Doctor Who: 11-07 “Kerblam!” Review
Reviewed by Ryan Monty.
(This review continues spoilers. Read on if that doesn’t bother you!)
Doctor Who is not a show afraid of having fun with story titles. Of all the title conventions that the show hadn’t touched, colour me surprised that having an exclamation mark at the end of a title is one of them. The seventh story of Series 11, Kerblam!, finally scratches that itch as The Doctor and friends find themselves responding to a “help me” message on a packing slip direct from Space Amazon itself, Kerblam.
Kerblam! is the second of a four story run this series not written by head honcho Chris Chibnall, all by new writers for the show, with the writer of this swing of the bat being life-long Doctor Who fan and Wentworth writer Pete McTighe, a big fan of the show. A recurring complaint for this series has been how some parts of stories, or the full story, lack a central Doctor Who flavour that easily identifies as the show. But from the opening TARDIS shot, which is wilder, more frantic and properly shows off the new set (and cool new scanner screens) there’s a zip and energy to Kerblam! that satisfies those complaints- and not just with a fan-pleasing fez reference dropped inside the Kerblam package hiding the distress message.
Those expecting Kerblam! to be a righteous takedown of corporatism and capitalism as Series 10’s excellent Oxygen was will be disappointed, as this story is a very different beast despite sharing common DNA. Kerblam! heavily rotates around the future of automation in production, which is a smart topic to zero in on given the wonder and concern that surrounds it in equal measure in reality. As guest star Lee Mack’s Dan says, in the world of Kerblam! technology nicked all the jobs while we were looking at our phones. Given that this is quite literally happening right now, it’s not some vision of a distant future.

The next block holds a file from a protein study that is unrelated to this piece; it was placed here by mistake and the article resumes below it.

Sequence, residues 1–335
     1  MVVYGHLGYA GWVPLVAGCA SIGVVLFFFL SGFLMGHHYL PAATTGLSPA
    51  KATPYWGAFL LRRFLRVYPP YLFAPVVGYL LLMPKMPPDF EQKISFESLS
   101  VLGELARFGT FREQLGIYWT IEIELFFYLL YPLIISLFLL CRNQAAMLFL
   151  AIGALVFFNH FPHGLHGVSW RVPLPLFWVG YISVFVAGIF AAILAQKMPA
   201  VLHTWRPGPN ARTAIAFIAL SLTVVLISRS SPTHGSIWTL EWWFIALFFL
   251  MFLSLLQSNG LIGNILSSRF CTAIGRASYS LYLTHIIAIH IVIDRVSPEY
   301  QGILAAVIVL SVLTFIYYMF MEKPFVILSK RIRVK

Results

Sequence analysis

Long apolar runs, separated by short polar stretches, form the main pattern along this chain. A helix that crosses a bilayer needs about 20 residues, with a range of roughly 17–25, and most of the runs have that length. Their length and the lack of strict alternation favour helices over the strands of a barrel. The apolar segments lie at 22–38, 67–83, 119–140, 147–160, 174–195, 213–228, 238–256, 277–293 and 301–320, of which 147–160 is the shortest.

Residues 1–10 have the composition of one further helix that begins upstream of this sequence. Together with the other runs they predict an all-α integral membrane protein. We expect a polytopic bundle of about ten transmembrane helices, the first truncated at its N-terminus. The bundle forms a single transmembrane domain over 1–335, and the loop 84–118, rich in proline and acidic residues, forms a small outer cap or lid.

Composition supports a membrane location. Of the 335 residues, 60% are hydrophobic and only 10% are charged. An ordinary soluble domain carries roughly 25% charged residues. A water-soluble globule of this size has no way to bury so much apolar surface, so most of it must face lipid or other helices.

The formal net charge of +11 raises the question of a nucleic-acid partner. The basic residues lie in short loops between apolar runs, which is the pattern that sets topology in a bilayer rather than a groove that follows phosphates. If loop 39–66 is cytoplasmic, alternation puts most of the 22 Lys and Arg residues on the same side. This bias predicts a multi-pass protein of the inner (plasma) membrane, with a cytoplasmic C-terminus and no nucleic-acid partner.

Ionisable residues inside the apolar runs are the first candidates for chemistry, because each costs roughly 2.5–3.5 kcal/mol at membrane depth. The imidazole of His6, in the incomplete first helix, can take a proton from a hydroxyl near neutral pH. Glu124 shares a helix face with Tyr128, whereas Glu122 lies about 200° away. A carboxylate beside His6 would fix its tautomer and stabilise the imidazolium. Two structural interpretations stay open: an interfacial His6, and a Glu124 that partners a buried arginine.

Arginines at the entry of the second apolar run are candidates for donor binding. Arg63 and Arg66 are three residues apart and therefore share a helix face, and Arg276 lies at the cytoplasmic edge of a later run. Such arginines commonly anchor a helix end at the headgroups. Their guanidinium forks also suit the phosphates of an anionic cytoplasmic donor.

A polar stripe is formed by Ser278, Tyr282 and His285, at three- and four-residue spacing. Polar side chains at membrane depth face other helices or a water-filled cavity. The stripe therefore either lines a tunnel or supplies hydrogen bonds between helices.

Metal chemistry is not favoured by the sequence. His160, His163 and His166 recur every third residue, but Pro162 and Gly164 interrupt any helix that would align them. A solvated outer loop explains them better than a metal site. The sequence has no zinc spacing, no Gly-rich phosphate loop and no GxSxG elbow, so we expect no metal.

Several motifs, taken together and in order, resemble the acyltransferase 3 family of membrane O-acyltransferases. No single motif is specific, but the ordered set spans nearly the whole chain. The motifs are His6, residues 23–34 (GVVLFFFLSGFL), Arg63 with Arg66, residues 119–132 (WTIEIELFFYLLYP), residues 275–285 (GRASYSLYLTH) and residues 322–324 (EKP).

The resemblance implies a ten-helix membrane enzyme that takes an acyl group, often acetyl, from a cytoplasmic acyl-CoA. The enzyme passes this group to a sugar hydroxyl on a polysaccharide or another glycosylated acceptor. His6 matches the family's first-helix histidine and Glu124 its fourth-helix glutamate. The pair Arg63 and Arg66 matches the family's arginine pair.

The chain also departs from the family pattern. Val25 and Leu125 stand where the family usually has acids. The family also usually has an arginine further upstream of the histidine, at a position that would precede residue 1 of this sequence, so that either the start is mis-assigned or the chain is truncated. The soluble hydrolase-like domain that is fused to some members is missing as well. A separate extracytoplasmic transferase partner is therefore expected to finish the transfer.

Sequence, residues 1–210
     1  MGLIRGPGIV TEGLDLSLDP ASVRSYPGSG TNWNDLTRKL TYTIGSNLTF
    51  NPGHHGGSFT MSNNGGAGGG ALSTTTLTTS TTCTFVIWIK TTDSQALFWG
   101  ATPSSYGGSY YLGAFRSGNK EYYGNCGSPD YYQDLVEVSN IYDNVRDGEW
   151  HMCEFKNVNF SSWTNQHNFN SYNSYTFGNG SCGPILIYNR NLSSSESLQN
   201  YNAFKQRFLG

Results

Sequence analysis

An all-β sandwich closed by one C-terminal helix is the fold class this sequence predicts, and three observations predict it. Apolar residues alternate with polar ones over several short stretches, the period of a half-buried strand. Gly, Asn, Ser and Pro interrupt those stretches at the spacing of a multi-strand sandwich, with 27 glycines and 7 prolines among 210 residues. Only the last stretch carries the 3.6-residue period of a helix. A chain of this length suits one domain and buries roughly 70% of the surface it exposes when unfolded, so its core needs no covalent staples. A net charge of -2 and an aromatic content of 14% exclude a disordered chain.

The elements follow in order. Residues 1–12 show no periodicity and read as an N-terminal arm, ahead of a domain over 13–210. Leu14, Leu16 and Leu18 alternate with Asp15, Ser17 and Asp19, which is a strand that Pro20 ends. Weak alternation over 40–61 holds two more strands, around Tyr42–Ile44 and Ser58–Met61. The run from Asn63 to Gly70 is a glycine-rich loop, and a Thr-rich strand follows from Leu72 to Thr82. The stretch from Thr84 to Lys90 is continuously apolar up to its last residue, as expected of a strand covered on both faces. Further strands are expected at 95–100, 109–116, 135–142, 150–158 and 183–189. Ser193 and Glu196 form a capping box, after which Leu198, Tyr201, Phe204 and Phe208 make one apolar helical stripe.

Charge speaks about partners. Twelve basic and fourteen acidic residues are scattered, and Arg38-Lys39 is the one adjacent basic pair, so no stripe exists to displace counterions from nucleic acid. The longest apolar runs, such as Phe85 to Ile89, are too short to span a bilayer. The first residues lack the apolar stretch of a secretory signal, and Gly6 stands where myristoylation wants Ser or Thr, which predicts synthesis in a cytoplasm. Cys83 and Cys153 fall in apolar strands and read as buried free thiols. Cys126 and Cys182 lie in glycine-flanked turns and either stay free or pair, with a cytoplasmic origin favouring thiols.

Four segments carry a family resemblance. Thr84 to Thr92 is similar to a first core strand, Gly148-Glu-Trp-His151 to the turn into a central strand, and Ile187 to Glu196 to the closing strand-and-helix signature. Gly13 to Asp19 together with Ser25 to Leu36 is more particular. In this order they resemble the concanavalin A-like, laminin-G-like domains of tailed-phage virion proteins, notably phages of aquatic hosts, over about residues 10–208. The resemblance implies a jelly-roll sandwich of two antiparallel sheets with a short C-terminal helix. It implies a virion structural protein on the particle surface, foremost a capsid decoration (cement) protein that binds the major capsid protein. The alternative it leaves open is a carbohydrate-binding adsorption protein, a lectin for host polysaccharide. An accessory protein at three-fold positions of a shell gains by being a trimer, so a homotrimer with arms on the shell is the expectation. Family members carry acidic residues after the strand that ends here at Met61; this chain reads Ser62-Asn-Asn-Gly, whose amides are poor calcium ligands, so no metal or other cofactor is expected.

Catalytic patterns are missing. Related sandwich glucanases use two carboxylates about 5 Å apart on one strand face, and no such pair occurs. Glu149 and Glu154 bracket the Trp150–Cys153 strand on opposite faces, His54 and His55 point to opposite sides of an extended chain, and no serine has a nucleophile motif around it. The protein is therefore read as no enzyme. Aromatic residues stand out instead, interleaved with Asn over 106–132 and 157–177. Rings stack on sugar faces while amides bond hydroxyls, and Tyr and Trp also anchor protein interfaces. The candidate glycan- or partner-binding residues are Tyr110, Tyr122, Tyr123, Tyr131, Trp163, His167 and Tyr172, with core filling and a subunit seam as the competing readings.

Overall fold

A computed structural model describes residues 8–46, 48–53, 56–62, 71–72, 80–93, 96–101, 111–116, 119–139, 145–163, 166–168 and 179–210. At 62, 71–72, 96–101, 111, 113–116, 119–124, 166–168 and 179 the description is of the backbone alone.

The workers of Space Amazon are living out some workers Stockholm syndrome, their rather horrific working conditions balanced out by the fact that they feel lucky to even have a job. They believe that work gives them purpose. It’s work over self-satisfaction, despite the monotony. Sound familiar? It’s a privilege to work for Kerblam, Julie Hesmondhalgh’s friendly HR lady Judy tells the gang- as Graham is fitted with an ankle monitor to track his every movement. Considering that Amazon have their own “pickers” wearing GPS trackers to track productivity in their warehouses, this analogue is again not out of the ordinary.
Director Jennifer Perrott did a sterling job with the same four (or, what felt like it) rooms in her prior story The Tsuranga Conundrum, so it’s no surprise that she makes the grungy working environments of the Kerblam headquarters work with a plethora of interesting shots, using the space well. The oppressive nature of the company is driven home with aplomb visually, with the blaring searchlights panning over the stock shelving complimented by the skulking robots hiding behind every shelf. The Kerblam robots feel a bit like the Smilers from early Matt Smith yarn The Beast Below, an unsettling visage hiding just below the friendly pretence. With Segun Akinola’s happy hummable Kerblam jingle (which gradually grows sinister, then pounding in its intensity) the world of Kerblam grows beyond a potentially boring warehouse setting.
Despite the muddled politics and morality of Kerblam! (we’ll get there) in the craft alone it feels as close to classic wacky fun Who as this series has achieved. As wonderful as Rosa and Demons of the Punjab were, heavy-hitting stories like those have to be contrasted with the sillier ones, and in trying to build up the character arcs or a reliance on over-explanation, the series has often lost way of simple enjoyment. Thankfully, Pete McTighe balances character and excitement very well indeed, with the main four and the guest stars served rightfully. Ryan’s dyspraxia comes back, yet importantly not to cause him too much detriment (he’s a ninja at packing). It still causes him small challenges to overcome for personal growth, which is how it should be. He’s still gung-ho too, jumping down the dispatch chute with glee. McTighe also remembers that Yaz is a member of the police, allowing her to exercise investigative skills and an arrest hold (I’ve likely butchered the real name!). Even The Doctor herself feels better balanced this time, her childish disappointment at not being able to climb on the conveyer belt mixed together with a much more authoritative and imposing Doctor. If Thirteen has an Oncoming Storm within her, this as close as we’ve gotten.